Q: Do you think standardising healthcare data will be a challenge?
I will be happy to tell you that in healthcare data, there’s much more standardization. It has a lot more standardization than legal cases and the output English which is up to a lot of interpretation, but when numbers are concerned it is easier and more standardized.

Once we build this platform, even the data exchange will be standardized. so if you go to different pathology labs, this platform will be able to access both and come up with a solution to your healthcare progress. Our platform will not only be looking at treatment, but also the management of health. This platform will be able to help you manage that data and you don’t have to be necessarily sick to leverage it.

Q: What are the latest innovations through AI at Intel?
The most recent is what we call as matrix architecture, which is the AI accelerator. Now this compute is meant to do the best performance on AI, whether it is used in cloud, car, or healthcare. We also have an AI compute which is so small that it can be leveraged on a watch or your glasses.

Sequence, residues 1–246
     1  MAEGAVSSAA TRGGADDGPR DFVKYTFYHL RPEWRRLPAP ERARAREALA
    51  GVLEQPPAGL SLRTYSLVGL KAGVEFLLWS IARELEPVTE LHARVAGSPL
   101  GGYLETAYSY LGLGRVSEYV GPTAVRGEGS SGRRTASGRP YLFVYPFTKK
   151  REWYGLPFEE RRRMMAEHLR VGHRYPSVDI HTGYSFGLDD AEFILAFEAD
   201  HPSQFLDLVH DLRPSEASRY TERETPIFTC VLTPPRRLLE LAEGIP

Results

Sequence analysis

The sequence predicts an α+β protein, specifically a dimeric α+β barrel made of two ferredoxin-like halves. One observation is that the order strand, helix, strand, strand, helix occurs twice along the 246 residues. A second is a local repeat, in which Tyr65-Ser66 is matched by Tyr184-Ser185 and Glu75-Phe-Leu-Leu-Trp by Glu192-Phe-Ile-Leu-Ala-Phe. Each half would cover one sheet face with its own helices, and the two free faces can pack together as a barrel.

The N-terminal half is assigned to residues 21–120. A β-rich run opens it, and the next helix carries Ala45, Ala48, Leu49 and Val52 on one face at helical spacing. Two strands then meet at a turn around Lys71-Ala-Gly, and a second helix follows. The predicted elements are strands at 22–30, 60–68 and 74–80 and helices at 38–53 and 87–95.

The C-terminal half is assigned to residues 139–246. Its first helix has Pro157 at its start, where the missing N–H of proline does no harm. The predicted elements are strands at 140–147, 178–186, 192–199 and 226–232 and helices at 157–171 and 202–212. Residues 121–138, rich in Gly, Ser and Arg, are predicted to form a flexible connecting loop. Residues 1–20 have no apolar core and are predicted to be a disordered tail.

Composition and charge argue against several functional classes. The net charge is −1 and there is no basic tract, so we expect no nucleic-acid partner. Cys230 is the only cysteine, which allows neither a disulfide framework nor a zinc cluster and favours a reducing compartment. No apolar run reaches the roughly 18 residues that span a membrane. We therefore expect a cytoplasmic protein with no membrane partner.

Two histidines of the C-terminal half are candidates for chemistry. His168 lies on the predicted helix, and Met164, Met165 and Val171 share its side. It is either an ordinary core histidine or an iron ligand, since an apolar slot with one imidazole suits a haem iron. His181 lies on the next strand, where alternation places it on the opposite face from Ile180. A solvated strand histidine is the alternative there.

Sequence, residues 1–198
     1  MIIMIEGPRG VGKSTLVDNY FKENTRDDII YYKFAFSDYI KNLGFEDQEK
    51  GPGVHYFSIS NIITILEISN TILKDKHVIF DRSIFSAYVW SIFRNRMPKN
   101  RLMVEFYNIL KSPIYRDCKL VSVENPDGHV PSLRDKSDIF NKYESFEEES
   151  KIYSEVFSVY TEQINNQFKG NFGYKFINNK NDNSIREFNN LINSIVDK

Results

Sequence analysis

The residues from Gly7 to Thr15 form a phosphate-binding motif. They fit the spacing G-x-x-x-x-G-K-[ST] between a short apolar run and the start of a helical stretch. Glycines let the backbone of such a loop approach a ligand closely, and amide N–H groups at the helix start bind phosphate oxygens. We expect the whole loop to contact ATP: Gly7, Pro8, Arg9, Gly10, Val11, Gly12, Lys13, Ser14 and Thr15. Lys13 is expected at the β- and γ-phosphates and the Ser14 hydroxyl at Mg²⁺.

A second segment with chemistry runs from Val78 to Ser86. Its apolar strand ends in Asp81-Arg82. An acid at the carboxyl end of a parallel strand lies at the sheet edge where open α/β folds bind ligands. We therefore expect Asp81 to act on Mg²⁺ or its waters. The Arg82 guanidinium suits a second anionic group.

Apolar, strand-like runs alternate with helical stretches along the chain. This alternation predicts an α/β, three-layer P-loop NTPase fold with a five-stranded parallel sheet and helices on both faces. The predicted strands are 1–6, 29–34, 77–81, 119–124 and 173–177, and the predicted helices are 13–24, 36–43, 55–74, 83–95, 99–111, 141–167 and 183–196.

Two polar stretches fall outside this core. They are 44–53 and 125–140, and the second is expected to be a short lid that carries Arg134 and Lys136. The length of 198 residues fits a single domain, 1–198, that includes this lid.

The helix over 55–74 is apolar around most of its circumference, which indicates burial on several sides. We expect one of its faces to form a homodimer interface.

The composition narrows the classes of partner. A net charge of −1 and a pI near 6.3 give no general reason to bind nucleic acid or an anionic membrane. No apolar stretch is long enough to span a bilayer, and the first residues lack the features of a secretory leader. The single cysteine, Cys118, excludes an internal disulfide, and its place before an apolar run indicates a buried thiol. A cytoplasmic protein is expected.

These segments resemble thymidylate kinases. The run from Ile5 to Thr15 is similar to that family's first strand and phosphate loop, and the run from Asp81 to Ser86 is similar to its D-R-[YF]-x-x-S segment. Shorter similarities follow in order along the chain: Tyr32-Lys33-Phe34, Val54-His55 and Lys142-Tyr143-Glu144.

We have the ability to connect those multiples refrigerators of computing called servers or cluster of servers, through capability like ethernet, or optical connect. Then in networking, we have something called Smart NIC (network interface card).

Now not only are we putting the building blocks together, but we will also partner with the verticals to optimize for their use cases.

Lastly, I want to tell you that to do genome sequencing we need trillion operations. In the year 2000, 1 trillion floating-point operations would cost $50 million. So, eight times of those compute means 8 trillion and floating-point operations can be done in $600. One person’s genome sequencing could be done in a hundred dollars. That’s the kind of economics that the scaling of compute has followed through innovation and through the years of working together.